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01:00 PM on 01/05/12
#1
anamericangod
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Depressing. I still buy CD's, bought 7 this week in fact.
I just don't understand how you can feel like you own something if it isn't tangible.
Ask the younger generation that doesn't value actual things.
01:27 PM on 01/05/12
#2
anamericangod
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I agree that it's more, uh, comforting(?) to physically own a CD or vinyl, but I don't understand the point of your post. Is it supposed to be negative that young people (supposedly) value ideas more than material goods? Shouldn't that be a good thing?
No. The "idea" of an mp3, along with the idea of "shitty, compressed, mass market, terrible" music that has led to a system where the artist gets fucked out of a lot of money is not a good thing.

Nor does this younger generation even make their purchases based on this "idea" you describe. They have no good intentions. They want their shitty mp3s and they want them now. There's no philosophical or existential thought process to what they are doing.
01:38 PM on 01/05/12
#3
anamericangod
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This leads me to ask:
Are the younger generations really buying that much music?

I'd like to see some graphics on purchases by age groups. I honestly have a feeling that a whole lot of digital purchases come from older people.
Given the current economic situation, the younger kids probably have more disposable income. They aren't worried about car payments, feeding a family, paying rent, etc. They have money to blow on music. Are they going to buy what we consider "good music?" Probably not. Pop music is pop music. Are they going to buy CDs or vinyl when they can click two or three times and have their boom boom chugga chugga tunes instantly on their iPod? Nope.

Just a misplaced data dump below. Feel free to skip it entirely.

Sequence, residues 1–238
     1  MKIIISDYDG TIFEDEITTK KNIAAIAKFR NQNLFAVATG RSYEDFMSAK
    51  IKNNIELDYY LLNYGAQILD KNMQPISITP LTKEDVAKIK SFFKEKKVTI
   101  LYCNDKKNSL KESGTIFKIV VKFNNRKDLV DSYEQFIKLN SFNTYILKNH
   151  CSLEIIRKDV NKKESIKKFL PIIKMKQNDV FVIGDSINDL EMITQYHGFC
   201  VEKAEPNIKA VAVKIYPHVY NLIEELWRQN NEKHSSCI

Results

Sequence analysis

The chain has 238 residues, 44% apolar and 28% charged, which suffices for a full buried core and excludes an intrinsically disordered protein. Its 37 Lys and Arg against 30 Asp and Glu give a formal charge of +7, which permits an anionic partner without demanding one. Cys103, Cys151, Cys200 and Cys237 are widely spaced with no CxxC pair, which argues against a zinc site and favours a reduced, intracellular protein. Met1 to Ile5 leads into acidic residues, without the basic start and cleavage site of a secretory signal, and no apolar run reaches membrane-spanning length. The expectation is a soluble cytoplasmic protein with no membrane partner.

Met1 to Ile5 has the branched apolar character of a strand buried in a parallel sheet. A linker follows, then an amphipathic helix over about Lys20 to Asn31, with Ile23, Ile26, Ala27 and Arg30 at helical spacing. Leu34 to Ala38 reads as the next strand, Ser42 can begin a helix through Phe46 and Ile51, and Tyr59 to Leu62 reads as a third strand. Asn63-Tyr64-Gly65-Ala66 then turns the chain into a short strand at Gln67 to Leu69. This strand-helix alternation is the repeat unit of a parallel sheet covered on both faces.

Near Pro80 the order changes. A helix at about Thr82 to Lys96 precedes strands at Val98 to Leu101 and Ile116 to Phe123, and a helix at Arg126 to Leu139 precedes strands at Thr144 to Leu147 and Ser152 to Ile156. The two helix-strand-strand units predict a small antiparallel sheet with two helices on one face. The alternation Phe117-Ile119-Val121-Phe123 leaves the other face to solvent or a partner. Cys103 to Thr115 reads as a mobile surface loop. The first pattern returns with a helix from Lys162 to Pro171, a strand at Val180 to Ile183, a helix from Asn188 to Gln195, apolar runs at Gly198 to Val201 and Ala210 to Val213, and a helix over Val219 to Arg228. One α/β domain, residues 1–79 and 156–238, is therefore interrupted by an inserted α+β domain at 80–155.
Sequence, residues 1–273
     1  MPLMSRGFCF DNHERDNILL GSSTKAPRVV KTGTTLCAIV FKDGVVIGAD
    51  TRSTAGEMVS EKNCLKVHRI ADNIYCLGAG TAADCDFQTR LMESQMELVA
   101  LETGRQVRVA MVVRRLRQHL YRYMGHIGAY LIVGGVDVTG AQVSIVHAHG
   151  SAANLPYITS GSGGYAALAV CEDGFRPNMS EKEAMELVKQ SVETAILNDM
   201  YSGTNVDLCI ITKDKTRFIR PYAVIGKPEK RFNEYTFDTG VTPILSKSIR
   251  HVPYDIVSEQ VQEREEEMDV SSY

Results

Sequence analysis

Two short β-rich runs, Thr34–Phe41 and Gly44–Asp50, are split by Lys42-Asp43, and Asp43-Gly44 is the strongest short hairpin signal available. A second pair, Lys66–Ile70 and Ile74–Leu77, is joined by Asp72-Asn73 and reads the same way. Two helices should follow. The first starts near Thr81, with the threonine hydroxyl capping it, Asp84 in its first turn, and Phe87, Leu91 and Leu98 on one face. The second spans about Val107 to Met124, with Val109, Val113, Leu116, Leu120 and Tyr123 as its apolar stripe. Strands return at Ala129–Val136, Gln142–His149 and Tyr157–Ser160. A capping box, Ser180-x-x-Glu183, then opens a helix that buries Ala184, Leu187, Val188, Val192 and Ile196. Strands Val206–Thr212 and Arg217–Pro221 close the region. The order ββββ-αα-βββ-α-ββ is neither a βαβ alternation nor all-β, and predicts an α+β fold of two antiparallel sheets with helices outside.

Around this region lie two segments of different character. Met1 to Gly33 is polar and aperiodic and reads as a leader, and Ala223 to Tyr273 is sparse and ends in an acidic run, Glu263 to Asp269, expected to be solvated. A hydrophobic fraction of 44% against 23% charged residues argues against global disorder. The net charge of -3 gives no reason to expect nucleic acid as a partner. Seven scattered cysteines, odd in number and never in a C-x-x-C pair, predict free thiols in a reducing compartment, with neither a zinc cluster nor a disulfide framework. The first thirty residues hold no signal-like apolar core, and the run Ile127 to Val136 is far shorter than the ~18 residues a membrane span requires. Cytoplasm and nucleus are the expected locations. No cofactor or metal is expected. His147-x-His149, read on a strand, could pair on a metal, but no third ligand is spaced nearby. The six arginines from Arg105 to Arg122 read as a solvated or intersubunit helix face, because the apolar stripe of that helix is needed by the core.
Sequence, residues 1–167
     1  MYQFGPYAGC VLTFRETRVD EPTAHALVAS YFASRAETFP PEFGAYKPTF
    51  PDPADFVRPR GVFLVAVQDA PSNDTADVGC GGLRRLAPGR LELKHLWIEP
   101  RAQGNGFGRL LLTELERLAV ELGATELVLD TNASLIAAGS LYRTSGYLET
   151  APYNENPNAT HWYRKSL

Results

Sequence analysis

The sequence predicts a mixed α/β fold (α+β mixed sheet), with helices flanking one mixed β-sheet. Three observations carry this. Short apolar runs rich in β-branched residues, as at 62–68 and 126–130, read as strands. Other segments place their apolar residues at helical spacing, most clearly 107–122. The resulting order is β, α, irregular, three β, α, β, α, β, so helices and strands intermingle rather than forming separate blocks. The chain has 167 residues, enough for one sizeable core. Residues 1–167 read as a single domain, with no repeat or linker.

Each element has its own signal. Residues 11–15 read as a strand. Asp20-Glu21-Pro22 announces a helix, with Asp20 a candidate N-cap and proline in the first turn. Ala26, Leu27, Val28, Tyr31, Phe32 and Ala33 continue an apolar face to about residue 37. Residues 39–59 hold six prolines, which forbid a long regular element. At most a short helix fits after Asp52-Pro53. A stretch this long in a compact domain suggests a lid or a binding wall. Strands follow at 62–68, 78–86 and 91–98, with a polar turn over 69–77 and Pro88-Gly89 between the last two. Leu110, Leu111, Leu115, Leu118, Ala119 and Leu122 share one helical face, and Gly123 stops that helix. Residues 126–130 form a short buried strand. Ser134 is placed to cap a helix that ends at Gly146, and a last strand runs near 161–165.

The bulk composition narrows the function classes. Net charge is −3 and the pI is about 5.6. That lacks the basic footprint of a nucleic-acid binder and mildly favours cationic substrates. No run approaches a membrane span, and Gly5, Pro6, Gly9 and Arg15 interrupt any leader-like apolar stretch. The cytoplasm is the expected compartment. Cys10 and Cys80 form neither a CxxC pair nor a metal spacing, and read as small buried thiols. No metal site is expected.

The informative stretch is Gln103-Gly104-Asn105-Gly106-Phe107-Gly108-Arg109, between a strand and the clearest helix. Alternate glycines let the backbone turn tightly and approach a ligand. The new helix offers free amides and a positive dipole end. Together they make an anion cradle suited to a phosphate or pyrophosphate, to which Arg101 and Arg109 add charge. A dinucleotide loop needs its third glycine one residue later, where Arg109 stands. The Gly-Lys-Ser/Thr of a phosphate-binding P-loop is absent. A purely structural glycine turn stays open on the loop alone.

It's great to see the increase in vinyl purchases, but it cannot even come close to digital sales. It's a completely different beast, and the mindset of the generation that is making the majority of these purchases wants instant gratification. That is not something that physical media accommodates.
01:45 PM on 01/05/12
#4
anamericangod
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Whatever is more cheaper and more convenient is what people are going to flock to.

It's time for bands to get off their asses and find new revenue streams outside of peddling $20 t-shirts.
I can't argue the shirt thing. Merch has a place in the system, but unless you're a gimmick act that can pull off selling a fuck ton of shitty shirts, it's not a very sustainable model.
02:13 PM on 01/05/12
#5
anamericangod
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What? Are you implying that it's negative that because younger generation doesn't necessarily prefer a physical product to digital? Woah, you there are some rascals on your lawn, too, old man.
I grew up with tapes and then CDs, when I was especially young my dad would play records for me, and I do place value on physical product. However, you can't blame a whole generation for preferring a type of media that has been an industry standard for a decade.
Napster came out in 1999, iTunes and the iPod in 2001. That means if you're sixteen or seventeen, digital music has been around since you started listening to music.
So...what's your point?
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